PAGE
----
England

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STP rescue plans ‘can’t be delivered’

SRM 2016
Dr Anthea Mowat
MOWAT: Tight timescales mean decisions may be made without full consideration of the implications for patients and staff

The Government’s plans for pulling hospitals out of deficit are ‘completely undeliverable’, and subject to a timescale that may not enable them to be properly checked.

These are just two of the multiple warnings – of apparent increasing urgency – issued by hospital representatives, the NHS agency that oversees trusts, and the boards that scrutinise STPs (sustainability and transformation plans).

The BMA believes that STPs raise opportunities for collaboration and longer-term planning, but have concerns in areas such as funding and accountability.

According to ministers, hospitals will be pulled out of deficit next year by rolling out STPs, which are being put together by local health leaders, commissioners, and councils in 44 areas across England.

But the credibility of the rescue strategy is now being called into question – most recently last week in Parliament, but also in official papers released by councils and NHSI (NHS Improvement), which oversees both foundation and other NHS trusts.

 

‘Completely undeliverable

Last week, NHS Providers chief executive Chris Hopson told members of the Commons health select committee that unprecedented financial deficits faced by many hospitals risked ‘blowing up’ STPs.

Hospital leaders were being forced to agree plans they knew would bust future budgets, he added. 

‘Funding is going to drop, so they’re now looking at a set of figures that, to be frank, just look completely undeliverable.’

Mr Hopson’s warning comes after NHSI indicated its own timetable for checking STPs was too tight.

According to NHSI board papers, the agency and NHS England have less than a month to assess, offer feedback, and sign off all 44 finalised STPs.

 

Concerns across England

Last year, officials had three months to check and approve NHS plans. ‘The timetable [for checking STPs] is extremely challenging,’ the papers state.

Warnings about STPs have also been flagged in papers produced by HWBs (health and wellbeing boards), the groups of health and local authority leaders who scrutinise STPs in town halls across England. 

A review of HWB papers from the past few months reveals a litany of concerns about STPs:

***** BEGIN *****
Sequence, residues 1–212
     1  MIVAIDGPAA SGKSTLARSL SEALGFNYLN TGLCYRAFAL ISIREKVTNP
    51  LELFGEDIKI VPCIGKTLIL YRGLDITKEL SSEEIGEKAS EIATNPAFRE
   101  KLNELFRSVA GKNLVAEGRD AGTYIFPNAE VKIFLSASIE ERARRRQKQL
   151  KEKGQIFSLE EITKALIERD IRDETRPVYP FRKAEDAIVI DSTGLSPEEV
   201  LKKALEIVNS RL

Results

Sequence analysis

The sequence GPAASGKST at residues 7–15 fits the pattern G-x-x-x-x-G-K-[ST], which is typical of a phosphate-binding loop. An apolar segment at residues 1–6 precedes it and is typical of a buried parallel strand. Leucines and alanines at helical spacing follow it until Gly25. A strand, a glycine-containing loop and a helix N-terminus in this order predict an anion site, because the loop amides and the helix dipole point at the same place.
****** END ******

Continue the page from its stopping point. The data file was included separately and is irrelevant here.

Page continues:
• Lancashire HWB pointed last month to ‘significant concerns’ about the time it had left to get feedback from doctors on its plan. 
  • Papers from the HWB in Solihull warn its joint STP with Birmingham – one of the largest in England – missed by three months a June milestone to submit a ‘financial template’. While their joint plan had not yet proposed ‘significant closures or changes’ to healthcare, NHS England had suggested ‘significant efficiencies’ must be found, while patient care and outcomes were improved. 
  • York’s HWB said in July that the ‘nationally’ driven agenda of STPs ‘might not be what the community wants’ and that there had been ‘little time for public engagement’.

 

Need for full consideration

BMA representative body chair Anthea Mowat said there is ‘great concern that STPs are not financially viable’. 

‘In order to maximise the benefits from STPs, the NHS, public health and social care functions need to be adequately resourced, she said.

‘The tight timescale to sign off STPs risks decisions being made without full consideration of the implications for patients and for staff, and without proper governance procedures being in place.’ 

NHSI said the STP process was led ‘locally’ and ‘built on months of collaboration between clinicians, patients’ representatives and other partners’.

‘Local STP teams have to be sure that their plans are deliverable, robust and meet the needs of their local population,’ the spokesperson added. 

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